I’m hazy on both the physics of the Ghostbusters’ trap and how the magic of the incantation bowls would actually work, but I can tell you this — the demon bowls sometimes had ghost bait, and we’ve got some here at the Kelsey.

2018-10-02-Ugly_Oct_19050-web
Eggshell ghost bait from Seleucia. 4th–7th century CE. KM 19050.

It’s an inscribed eggshell. It might not look like much, but it was found in a larger ghost-trap assemblage at the site of Seleucia, Iraq. In the corner of a house, one demon bowl was placed right side up, the inscribed eggshell was placed inside, and another demon bowl was placed upside down on top of the first bowl and slightly offset (to leave room for the ghost to get inside). This set-up was designed to work like a triple containment system. Theoretically, the ghost or demon would go all the way into the shell, where it would be bound by the inscription on the shell’s exterior. Meanwhile, the two inscribed incantation bowls provided extra magical entrapment power and security (for the peace of mind a ghost-troubled homeowner needs!). Once the ghost was trapped, the eggshell could be ritually smashed to destroy the evil spirit. Ghost busted!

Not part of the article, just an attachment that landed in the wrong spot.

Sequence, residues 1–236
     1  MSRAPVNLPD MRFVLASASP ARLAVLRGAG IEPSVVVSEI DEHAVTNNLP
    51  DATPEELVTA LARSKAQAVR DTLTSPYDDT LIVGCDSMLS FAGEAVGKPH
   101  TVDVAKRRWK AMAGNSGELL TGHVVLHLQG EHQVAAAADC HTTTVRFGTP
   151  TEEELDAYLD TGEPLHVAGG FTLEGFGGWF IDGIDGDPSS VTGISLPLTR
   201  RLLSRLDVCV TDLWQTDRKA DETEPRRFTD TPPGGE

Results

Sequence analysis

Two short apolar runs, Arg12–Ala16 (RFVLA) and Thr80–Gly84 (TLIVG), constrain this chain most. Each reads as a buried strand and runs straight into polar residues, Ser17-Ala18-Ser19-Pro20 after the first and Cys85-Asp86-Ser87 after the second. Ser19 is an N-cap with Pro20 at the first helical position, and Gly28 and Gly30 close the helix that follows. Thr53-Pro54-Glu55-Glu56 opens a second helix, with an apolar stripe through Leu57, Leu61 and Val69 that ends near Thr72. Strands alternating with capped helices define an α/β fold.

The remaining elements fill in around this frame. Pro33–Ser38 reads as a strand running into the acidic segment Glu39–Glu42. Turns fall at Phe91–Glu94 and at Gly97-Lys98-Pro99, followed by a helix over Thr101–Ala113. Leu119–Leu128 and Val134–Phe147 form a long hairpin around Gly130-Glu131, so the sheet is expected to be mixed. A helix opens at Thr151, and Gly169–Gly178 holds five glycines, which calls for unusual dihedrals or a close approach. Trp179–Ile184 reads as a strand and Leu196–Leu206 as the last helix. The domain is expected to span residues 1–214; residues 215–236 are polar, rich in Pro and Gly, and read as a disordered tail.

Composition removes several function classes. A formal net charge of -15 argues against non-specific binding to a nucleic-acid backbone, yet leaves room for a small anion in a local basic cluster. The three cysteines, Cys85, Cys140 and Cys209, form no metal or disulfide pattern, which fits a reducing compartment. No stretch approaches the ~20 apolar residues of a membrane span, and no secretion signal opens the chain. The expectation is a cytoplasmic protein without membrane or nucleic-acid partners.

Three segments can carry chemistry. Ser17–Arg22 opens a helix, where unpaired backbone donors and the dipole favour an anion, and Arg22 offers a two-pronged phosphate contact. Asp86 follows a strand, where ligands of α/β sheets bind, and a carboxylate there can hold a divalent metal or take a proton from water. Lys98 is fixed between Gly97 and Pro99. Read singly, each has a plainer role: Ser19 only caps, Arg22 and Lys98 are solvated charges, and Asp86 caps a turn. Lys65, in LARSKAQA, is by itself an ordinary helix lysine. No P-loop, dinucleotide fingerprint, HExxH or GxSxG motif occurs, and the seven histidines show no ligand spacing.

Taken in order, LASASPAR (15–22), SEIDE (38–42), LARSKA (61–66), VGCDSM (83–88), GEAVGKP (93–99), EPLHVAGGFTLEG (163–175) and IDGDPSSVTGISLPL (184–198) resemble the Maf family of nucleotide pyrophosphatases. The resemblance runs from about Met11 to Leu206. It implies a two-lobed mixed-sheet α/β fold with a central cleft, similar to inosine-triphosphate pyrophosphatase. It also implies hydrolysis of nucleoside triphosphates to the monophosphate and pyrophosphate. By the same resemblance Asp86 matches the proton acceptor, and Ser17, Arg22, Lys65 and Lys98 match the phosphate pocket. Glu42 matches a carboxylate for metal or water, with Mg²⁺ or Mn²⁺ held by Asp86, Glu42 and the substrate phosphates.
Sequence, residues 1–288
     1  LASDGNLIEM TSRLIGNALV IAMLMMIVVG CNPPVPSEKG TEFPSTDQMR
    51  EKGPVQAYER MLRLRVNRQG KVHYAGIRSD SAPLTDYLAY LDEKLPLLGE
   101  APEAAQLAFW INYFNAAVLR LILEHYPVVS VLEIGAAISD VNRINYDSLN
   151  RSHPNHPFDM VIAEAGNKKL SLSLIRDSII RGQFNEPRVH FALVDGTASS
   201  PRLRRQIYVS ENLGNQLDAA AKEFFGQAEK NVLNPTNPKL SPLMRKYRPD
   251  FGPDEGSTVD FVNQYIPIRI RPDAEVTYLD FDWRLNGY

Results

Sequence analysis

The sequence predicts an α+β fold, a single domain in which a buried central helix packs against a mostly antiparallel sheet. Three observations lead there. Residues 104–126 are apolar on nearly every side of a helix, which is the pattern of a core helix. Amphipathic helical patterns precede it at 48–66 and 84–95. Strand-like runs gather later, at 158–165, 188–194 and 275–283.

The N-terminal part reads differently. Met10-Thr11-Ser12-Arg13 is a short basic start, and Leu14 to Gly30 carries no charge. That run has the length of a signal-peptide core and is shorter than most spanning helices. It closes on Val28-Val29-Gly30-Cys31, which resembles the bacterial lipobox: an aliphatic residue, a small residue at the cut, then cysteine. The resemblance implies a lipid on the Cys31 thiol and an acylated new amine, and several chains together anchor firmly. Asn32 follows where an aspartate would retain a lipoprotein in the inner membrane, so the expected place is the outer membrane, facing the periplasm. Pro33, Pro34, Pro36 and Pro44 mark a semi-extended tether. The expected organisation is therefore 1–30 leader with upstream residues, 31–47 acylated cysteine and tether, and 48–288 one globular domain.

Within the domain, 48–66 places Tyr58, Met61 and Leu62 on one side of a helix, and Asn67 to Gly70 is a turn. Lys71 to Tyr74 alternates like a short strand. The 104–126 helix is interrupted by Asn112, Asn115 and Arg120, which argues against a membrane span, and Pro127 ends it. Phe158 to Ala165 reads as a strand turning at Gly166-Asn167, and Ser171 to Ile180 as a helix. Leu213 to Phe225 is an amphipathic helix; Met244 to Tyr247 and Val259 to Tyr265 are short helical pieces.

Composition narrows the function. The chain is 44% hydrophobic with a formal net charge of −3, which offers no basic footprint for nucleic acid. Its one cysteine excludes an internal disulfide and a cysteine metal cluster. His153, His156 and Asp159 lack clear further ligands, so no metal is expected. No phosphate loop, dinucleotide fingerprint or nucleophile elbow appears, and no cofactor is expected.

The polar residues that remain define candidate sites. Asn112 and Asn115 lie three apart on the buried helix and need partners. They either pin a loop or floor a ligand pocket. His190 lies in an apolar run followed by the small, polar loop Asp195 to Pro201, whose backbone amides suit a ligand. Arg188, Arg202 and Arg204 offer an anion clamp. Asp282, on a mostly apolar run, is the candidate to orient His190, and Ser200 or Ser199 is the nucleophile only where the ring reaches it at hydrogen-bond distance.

Ghostbusting is a cross-cultural phenomenon as relevant today as it was two thousand years ago. Happy Halloween!

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Can’t get enough of that ancient magic? Check out Traditions of Magic in Late Antiquity, Gideon Bohak’s 1995 online exhibition that features many of the Kelsey’s magical artifacts. There you will find more about demon bowls, magic amulets, and — for the hands-on among you — ancient recipe-books for casting your own spells.